By Rachael Rettner, People with post-traumatic stress disorder (PTSD) often show differences in certain brain areas compared with healthy people, but it has been difficult to determine whether these differences are a cause or a consequence of the condition. Now, a number of new studies may help disentangle the condition’s causes from its effects and, in doing so, bring a better understanding of how the disorder might be prevented or treated. In a review article, researchers draw upon these studies to piece together a new model for how the condition arises. The model suggests that three factors are necessary for PTSD to develop: A person needs to have certain risk factors for the condition; he or she must be exposed to a traumatic event; and, after that event, further changes to the brain need to occur. With this view of the condition, researchers may ultimately be able to predict who is at risk for PTSD before experiencing a traumatic event and to treat people at the right time after trauma to prevent subsequent brain changes from occurring, thus keeping the disorder from progressing to its final form. “If the disease causes specific changes [in the brain], then treatment can cause the same change in the other direction,” said Roee Admon, a researcher at Harvard Medical School. He, along with colleagues, proposed the new PTSD model in the July issue of the journal Trends in Cognitive Sciences. According to the model, changes in two brain areas — the amygdala and the dorsal anterior cingulate cortex (dACC) — may predispose people to PTSD. © 1996-2013 The Washington Post
Link ID: 18389 - Posted: 07.18.2013
Trevor Stokes Reuters Talk therapy may be a helpful supplemental treatment for people with depression who have not responded to medication, a new study from the United Kingdom suggests. Researchers found that people with depression who had not improved despite taking antidepressants were three times more likely to experience a reduction in their depression symptoms if talk therapy was added to their treatment regimen compared with those who continued to take only antidepressants. The study is one of the first large trials to test the effectiveness of talk therapy given in tandem with antidepressants, the researchers said. Up to two-thirds of people with depression don’t respond fully to antidepressant treatment, and the findings suggest a way to help this group, the researchers said. “Until now, there was little evidence to help clinicians choose the best next step treatment for those patients whose symptoms do not respond to standard drug treatments," study researcher Nicola Wiles of the University of Bristol's Centre for Mental Health, Addiction and Suicide Research said in a statement. The study followed patients for one year. Future studies should examine the effectiveness of this treatment combination over the long term, as patients with depression can relapse after treatment, the researchers said.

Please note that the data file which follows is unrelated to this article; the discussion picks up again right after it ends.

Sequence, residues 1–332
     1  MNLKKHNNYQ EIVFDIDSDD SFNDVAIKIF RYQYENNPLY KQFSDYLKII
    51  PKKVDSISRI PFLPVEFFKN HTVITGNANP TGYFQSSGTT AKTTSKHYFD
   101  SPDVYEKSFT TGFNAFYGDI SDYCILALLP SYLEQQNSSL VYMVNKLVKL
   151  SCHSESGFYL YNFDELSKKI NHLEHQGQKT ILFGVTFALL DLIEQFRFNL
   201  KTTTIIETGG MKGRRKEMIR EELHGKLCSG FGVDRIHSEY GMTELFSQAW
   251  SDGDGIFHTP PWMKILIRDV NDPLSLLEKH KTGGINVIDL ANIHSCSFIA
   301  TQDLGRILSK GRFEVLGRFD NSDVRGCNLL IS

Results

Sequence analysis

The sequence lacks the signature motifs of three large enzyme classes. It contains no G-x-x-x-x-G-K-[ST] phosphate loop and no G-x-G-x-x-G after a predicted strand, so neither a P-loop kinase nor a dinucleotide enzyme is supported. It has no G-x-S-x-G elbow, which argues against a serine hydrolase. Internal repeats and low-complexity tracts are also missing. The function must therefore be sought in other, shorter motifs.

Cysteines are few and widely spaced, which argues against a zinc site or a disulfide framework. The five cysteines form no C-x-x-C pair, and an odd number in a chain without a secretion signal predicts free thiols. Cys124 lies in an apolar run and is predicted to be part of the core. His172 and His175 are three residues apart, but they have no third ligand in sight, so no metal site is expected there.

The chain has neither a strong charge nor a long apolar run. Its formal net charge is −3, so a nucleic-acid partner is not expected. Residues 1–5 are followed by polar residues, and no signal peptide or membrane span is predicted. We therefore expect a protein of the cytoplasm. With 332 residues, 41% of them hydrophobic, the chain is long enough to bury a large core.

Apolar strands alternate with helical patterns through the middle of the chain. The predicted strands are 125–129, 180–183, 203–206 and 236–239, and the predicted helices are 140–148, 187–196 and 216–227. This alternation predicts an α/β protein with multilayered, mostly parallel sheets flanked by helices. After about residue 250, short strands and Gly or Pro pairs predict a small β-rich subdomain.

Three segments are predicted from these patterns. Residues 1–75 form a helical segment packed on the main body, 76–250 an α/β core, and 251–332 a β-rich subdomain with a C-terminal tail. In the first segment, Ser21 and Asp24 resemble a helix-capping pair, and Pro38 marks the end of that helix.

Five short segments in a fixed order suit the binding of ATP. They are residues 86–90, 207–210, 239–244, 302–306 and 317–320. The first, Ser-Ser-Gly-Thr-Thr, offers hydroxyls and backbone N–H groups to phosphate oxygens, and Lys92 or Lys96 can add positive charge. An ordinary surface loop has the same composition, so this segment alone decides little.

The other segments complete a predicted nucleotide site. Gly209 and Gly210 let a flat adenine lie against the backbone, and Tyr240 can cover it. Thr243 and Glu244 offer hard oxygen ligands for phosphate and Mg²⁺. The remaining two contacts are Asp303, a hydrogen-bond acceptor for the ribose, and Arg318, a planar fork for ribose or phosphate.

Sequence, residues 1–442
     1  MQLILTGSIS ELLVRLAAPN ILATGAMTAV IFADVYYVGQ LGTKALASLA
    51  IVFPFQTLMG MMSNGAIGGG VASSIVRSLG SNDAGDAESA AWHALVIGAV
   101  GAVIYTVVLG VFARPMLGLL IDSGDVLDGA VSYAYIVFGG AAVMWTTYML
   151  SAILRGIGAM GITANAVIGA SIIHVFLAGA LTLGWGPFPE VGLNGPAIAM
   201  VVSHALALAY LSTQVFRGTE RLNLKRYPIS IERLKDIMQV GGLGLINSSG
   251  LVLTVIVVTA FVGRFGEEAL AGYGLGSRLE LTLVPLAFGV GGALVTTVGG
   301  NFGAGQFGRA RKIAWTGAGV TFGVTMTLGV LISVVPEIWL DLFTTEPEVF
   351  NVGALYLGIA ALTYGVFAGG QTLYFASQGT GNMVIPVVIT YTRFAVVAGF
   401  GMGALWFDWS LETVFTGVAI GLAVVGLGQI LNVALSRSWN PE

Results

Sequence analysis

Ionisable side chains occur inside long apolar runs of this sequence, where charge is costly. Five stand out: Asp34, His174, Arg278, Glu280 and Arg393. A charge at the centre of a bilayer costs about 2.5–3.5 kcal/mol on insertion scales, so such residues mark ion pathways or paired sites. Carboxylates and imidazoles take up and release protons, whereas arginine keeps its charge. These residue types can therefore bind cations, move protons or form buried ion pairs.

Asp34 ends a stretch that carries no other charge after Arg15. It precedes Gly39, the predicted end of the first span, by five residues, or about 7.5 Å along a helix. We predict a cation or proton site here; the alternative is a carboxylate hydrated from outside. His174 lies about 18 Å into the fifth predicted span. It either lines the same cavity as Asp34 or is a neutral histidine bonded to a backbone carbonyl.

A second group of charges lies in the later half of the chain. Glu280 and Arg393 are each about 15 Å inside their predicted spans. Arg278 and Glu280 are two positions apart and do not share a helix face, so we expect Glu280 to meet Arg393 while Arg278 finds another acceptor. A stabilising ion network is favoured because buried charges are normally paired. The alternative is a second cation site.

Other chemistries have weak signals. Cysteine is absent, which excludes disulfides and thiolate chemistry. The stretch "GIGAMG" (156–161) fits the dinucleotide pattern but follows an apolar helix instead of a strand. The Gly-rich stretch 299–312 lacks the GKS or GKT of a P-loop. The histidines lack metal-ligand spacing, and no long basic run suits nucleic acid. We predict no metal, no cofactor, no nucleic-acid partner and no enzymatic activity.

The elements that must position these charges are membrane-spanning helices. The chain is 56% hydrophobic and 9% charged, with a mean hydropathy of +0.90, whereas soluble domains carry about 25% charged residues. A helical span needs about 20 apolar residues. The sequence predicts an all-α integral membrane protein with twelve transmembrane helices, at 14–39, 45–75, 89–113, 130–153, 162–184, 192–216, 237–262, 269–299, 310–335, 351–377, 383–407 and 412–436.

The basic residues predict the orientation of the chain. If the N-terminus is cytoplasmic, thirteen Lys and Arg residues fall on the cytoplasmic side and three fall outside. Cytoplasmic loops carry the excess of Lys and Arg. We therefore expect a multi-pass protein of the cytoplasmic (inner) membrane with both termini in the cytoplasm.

Link ID: 18375 - Posted: 07.15.2013
By JAN HOFFMAN From the shock of the cancer diagnosis onward, depression can take its well-documented toll on patients. Even patients who appear to pack away their fears during the grinding treatment journey to becoming cancer-free concede that when the regimen ends, they unspool emotionally. There has been less attention paid to the disease’s emotional impact on spouses. They, too, can become depressed. But with the roles of caregiver and cheerleader thrust upon them, they may feel constrained about expressing their darker feelings. Now a new analysis finds that within two years of a cancer diagnosis, the pervasiveness of depression in patients and their spouses tends to drop back to roughly the same levels as in the general population, only to be replaced by another mind-demon: anxiety, which can even intensify as time passes. 48 Were you a caretaker for someone with cancer? How did you take care of yourself while your partner was going through treatment? Join in the discussion below. The analysis, which looked at 43 studies involving 51,381 patients with a range of cancers, found that over all, nearly 18 percent of patients experienced serious anxiety two to 10 years after their diagnosis, compared with about 14 percent of the general population. But in a cluster of studies that looked at couples, anxiety levels in that time frame grew to as high as 28 percent in patients and 40 percent in their spouses. Copyright 2013 The New York Times Company
Link ID: 18372 - Posted: 07.13.2013